The land was free! 0! with what pride I used To walk tha se hills, and look up w my God, And bless him that it was so. It was freeFrom end to end, from cliff to lake, 'twas free! Free as our torrents are that leap our rocks, And plough our vallies, without asking leave: Or, as our peaks, that rear their caps of anyw, In very presence of the regal bun! In my boat at night, when midway o'er the the laks, The stars went out, and down the mountain gore, The wind came roaring! I have sat and eyed The thunder breaking from his cloud, and finiled To see him shake his lightnings oer my head, And think I had no master, save his own! I have thought of othér lands, whose storms Are summer tlaws to those of mine, and just Have wished me there—the thought that mine was frases Has check'd that wish, and I have raised my head, And cried in thraldom to that furious wind, Blow on! This is the land of liberty » Such were the freedom-inspiring surroundings of our forefathers, who laid the foundations of civil liberty, and of local independence on this continent. The cradle of liberty was liere rocked by the untrammeled winds of heaven.

Man's soul was made free by ten thousand proclamations issued by the voice of Nature and Providence, which spoke by the authority of charters older than the records of human governments, and diviner than the statutes of legislative enactments.

Every man's bosom was a kingdom! Every man's soul was a king! Vast forests, hills, vallies, rivers, lakes, fields, were his subjects.

He commanded them, and they obeyed. Each in its turn paid tribute to his wants, and is due time poured wealth and plenty into his lap.

Here he grew in greatness and power, becoming progressively more free and independent, as he subju. gated the continent to his will, until at length the insti. tutions of government grew under bis hand into a temple of liberty that commanded the wonder and ad. miration of the world.

That was the Union !

!

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own eyes, and often by his own hands, all things ne.
cessary for the life of man.

lle was the monarch of all he surveyed. He felt
himself free from all subjection, from all dependence.
And individual liberty is a most powerful incentive to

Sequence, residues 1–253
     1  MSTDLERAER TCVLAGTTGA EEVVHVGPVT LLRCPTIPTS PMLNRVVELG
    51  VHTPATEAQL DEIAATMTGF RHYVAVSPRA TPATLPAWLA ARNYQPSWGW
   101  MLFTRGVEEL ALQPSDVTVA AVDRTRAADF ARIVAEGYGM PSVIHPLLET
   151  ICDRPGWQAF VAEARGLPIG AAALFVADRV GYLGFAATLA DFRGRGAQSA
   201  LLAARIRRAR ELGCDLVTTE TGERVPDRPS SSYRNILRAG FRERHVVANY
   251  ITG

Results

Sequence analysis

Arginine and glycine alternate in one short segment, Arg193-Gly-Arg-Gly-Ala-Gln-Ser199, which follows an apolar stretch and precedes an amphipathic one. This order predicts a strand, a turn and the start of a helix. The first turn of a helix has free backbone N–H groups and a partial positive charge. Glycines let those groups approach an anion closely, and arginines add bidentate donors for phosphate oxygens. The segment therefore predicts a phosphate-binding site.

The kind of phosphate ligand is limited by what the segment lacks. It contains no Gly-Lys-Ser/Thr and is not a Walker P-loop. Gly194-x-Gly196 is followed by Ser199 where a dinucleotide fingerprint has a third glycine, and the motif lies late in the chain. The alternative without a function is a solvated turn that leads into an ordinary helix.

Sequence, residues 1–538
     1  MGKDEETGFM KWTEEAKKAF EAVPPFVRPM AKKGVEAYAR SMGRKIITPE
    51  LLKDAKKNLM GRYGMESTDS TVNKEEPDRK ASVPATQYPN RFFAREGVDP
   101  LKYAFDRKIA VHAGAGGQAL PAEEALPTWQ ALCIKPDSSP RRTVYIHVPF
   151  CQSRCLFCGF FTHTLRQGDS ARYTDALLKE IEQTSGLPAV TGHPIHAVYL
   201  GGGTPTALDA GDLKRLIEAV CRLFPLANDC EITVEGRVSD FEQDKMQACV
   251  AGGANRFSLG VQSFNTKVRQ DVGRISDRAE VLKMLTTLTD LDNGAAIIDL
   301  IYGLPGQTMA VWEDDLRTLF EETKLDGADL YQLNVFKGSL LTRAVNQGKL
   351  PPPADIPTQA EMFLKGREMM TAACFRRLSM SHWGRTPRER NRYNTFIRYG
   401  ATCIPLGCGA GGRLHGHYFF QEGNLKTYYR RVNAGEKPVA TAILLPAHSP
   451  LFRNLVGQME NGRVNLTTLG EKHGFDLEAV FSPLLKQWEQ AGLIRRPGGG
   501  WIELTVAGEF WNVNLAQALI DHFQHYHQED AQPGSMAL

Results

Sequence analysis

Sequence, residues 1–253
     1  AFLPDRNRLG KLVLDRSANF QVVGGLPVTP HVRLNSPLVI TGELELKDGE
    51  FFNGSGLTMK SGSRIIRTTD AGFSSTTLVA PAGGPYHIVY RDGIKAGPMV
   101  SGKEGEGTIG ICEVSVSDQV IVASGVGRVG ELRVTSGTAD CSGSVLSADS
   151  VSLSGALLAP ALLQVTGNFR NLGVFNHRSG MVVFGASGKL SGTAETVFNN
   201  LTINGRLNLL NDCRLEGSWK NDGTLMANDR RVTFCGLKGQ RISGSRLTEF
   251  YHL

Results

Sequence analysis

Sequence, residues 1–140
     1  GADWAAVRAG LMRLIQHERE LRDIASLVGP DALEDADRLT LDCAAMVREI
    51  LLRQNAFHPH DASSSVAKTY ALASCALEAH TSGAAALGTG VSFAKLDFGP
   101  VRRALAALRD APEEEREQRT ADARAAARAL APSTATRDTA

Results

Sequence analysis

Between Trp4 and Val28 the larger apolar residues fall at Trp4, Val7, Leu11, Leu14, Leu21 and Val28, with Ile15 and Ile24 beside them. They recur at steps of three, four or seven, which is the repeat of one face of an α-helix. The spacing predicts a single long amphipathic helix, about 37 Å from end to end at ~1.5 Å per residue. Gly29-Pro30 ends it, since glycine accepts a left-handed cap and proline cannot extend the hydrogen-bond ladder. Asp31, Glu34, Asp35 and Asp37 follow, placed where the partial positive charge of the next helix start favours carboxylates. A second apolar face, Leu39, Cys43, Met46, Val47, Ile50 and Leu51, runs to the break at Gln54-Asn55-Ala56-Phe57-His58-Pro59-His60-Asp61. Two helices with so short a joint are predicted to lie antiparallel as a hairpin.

civil independence.

He was a true lord. He might hunt, fowl, and fish whenever he pleased. There were no poacher laws to restrain his will. His parks, and pleasure grounds, and reservoirs were boundless forests, vast and numer. ous lakes and rivers, and the sea unrestricted and in. exhaustible in fish of every species. How could this man feel himself otherwise than a lord of the soil, as free as the winds and the eagles that flew above him ? How could he feel otherwise than free ? Independence was as much a part of the emotions and passions of his bosom, as of his unrestricted footsteps among the unfenced hills and vallies of the boundless continent around him.

The eagle that soared from peak to peak over all this wilderness realm, was not inore free.

And it was with something more than a metaphor, that our forefathers adopted the eagle as the fitting emblem of American Liberty.

They regarded this proud native of these forests
with as sacred, and almost as superstitious a reverence,
as William Tell, the immortal hero of Switzerland, who,
in Sheridan Knowles' inimitable drama of his name, is
made to say :

“Scaling yonder peak,
I saw an eagle wheeling near its brow;
O'er the abyss, his broad-expanded wings
Lay calin aud nuotionless upon the air,
As if he tioated thera without their aid,
By the sole act of his unlorded will,
That buoy'd him proudly up. Instinctively
I bent my bow ; yet kept he rounding still
His airy circle, as in the delight
of measuring the ample range beneath,